Tue | Jul 23, 2024

Expert tips on reducing the risk of pet poisoning

Published:Saturday | June 15, 2024 | 12:08 AMJada Powell/ Gleaner Writer -
Onions, grapes, raisins, and chocolates are toxic to dogs and cats.
Onions, grapes, raisins, and chocolates are toxic to dogs and cats.
Signs of poisoning for dogs can range from GI signs to neurological signs or both.
Signs of poisoning for dogs can range from GI signs to neurological signs or both.
 Dr Briana Schwapp says every pet owner should know what their animals can and can’t eat.
Dr Briana Schwapp says every pet owner should know what their animals can and can’t eat.
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Ensuring our furry friends stay healthy and safe ought to be a top priority for pet owners. Unfortunately, pet poisoning is a common, but luckily, preventable issue. Dr Briana Schwapp, a veterinarian with a passion for animal welfare, shares her expert advice on how to keep pets safe from harmful substances.

In an interview with Saturday Living Schwapp said, "Pets are naturally curious, and they often get into things they shouldn't. By being aware of common hazards and taking simple precautions, we can prevent many cases of pet poisoning".

Today, Dr Schwapp answers some of the most frequently asked questions about pet poisoning, providing practical tips that every pet owner should know to ensure their pets' safety.

What are the signs of poisoning for dogs?

They can really vary depending on the type of poisoning we’re talking about. Generally speaking, they can range from GI signs to neurological signs or both­–so vomiting, diarrhoea, seizures, excessive drooling, lethargy, bleeding from the gums or from any orifice is common with rat poison. Difficulty breathing (laboured breathing) is another common sign of poisons seen here in Jamaica.

What are the most common poisoning cases that have come in?

Toad poisoning is probably our most common poisoning case, where dogs or cats become poisoned when they bite or lick cane toads. Rat poison is a close second, unfortunately followed by gramoxone poisoning which is the worst one we see. The last type of poison we see is when animals consume products or food that are toxic to them, which can be anything from batteries to onions.

What can pet owners do to avoid poisoning?

We must, must, must keep our animals on our own property. Most of my fatal poisoning cases, and every fatal case I have had in the past six months, have been due to dogs and cats being allowed to roam out of the yard that they live in. Keep your animals at your home and do not allow them to leave. Be sure to only set rat poison in bait stations, as even places that we think animals can’t get them – dogs can get it – and sometimes rodents move it. Lastly, ensure that you understand what is toxic to animals and what isn’t. Every pet owner should know what their animals can and can’t eat, for example, onions, grapes, raisins, and chocolates are toxic to dogs and cats.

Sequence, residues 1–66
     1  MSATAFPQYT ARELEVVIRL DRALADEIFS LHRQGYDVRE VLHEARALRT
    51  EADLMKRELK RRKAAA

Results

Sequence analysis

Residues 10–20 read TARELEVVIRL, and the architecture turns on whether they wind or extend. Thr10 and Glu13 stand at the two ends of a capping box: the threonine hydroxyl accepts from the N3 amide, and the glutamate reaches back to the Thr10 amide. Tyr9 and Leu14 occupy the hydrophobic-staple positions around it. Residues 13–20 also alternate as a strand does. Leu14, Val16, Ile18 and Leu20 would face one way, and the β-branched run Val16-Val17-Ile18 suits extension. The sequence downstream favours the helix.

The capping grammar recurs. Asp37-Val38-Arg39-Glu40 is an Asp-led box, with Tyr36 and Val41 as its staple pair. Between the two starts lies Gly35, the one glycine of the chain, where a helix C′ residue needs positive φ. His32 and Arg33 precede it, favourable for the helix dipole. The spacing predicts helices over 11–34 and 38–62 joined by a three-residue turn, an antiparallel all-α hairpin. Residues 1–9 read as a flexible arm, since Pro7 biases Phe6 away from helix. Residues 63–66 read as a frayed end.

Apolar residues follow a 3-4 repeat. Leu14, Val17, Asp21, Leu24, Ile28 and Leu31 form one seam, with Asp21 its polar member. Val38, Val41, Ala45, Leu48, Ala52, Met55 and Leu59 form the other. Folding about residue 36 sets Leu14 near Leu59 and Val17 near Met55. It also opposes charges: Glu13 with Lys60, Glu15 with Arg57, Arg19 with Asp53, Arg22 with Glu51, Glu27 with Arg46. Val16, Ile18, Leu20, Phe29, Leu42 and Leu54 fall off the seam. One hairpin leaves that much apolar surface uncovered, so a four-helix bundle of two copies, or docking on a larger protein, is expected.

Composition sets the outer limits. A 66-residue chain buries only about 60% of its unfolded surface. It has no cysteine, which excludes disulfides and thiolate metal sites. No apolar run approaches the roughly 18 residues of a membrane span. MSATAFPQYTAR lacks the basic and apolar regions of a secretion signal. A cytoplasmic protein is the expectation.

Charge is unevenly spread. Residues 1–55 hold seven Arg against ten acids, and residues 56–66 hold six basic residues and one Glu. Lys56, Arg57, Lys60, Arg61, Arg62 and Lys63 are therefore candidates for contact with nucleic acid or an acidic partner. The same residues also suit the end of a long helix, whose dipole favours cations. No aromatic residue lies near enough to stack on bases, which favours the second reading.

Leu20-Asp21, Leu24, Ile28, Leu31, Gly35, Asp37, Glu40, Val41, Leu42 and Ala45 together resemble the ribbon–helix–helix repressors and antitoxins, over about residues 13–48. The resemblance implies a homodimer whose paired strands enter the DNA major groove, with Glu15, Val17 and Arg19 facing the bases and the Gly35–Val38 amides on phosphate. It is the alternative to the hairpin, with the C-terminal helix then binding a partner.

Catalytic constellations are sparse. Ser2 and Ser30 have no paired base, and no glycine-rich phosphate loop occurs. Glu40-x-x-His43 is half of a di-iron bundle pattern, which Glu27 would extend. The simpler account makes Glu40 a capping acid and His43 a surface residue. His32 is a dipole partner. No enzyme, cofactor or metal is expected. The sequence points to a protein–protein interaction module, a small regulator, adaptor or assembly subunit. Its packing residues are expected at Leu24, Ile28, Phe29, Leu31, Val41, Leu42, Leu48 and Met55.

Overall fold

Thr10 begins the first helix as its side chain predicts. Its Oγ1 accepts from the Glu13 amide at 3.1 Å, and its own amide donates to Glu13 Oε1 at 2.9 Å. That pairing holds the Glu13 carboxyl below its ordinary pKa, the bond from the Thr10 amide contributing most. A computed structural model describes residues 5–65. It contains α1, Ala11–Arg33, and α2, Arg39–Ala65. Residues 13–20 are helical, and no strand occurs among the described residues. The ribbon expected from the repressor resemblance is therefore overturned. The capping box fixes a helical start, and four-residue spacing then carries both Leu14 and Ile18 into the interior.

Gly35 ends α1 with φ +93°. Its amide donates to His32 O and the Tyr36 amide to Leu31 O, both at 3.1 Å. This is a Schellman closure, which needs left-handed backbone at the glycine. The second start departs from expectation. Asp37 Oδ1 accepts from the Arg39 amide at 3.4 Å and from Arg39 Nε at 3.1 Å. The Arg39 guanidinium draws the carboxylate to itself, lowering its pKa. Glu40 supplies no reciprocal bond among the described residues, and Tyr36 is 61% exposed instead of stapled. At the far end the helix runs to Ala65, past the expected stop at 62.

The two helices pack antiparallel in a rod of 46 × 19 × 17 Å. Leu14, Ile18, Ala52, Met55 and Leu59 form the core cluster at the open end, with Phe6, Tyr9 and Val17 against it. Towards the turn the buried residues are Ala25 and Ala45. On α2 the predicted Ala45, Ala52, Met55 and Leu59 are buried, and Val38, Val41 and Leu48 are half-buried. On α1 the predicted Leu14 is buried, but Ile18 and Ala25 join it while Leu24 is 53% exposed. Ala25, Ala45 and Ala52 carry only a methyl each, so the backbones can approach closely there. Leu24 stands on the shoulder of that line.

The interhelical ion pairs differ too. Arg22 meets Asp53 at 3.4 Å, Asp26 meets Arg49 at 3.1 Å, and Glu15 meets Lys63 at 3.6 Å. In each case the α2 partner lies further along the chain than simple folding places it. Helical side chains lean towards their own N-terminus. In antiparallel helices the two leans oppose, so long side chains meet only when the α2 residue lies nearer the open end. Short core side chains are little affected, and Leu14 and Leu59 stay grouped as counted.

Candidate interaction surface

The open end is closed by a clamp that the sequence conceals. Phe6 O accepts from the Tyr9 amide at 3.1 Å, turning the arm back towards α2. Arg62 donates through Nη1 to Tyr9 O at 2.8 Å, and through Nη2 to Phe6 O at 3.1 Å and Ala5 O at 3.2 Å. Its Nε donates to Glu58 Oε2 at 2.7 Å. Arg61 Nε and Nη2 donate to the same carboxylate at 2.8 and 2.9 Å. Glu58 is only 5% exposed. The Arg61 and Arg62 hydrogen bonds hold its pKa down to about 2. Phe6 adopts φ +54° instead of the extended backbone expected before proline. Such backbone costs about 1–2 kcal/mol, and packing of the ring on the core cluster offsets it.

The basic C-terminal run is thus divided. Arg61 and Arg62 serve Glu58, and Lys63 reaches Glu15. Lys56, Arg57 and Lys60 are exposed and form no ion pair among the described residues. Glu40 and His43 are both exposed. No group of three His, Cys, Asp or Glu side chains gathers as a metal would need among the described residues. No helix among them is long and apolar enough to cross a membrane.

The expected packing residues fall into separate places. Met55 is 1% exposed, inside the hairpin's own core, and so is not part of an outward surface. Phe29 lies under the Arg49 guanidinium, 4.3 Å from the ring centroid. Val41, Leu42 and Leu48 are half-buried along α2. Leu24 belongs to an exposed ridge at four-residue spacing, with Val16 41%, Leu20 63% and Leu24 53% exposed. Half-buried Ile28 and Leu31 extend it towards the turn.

What should pet owners do if they suspect their pets have been poisoned?

The first thing they need to do is get on the phone with a vet while trying to figure out what type of poison it was, as the steps taken at home will vary depending on that. Not every case can be helped in a home setting and most have to come in to see us. Also, always have a list of vet and emergency lines on hand so that you aren’t wasting time to find numbers or end up calling someone moonlighting as a vet, which often results in pet death. If you can’t get a doctor, you can use reliable sources such as the American Poison control website to establish what your first aid steps should be. Like I said not every case can be helped at home so get to a clinic as soon as you can.

PREVENTION IS SAFER AND CHEAPER

It’s very easy to be a responsible owner and to be aware of the things that can hurt our pets. Prevention is safer and cheaper than cure. Dr Schwapp is advising pet owners to stay informed and proactive in protecting their pets. With four years of experience in veterinary medicine, she is known for her compassionate approach to care and her advocacy for responsible pet ownership. She graduated from The University of the West Indies School of Veterinary Medicine in St Augustine in 2020 during the pandemic and sees both horses and companion animals.

She's also been riding horses since she was four years old and has competed internationally for Jamaica in Germany, Cayman, Ecuador, and Colombia throughout her high school and college years.

By pet-proofing your house and yard, and staying vigilant, you can reduce the chances of accidental poisoning and ensure a happy, healthy life for your furry companions.

lifestyle@gleanerjm.com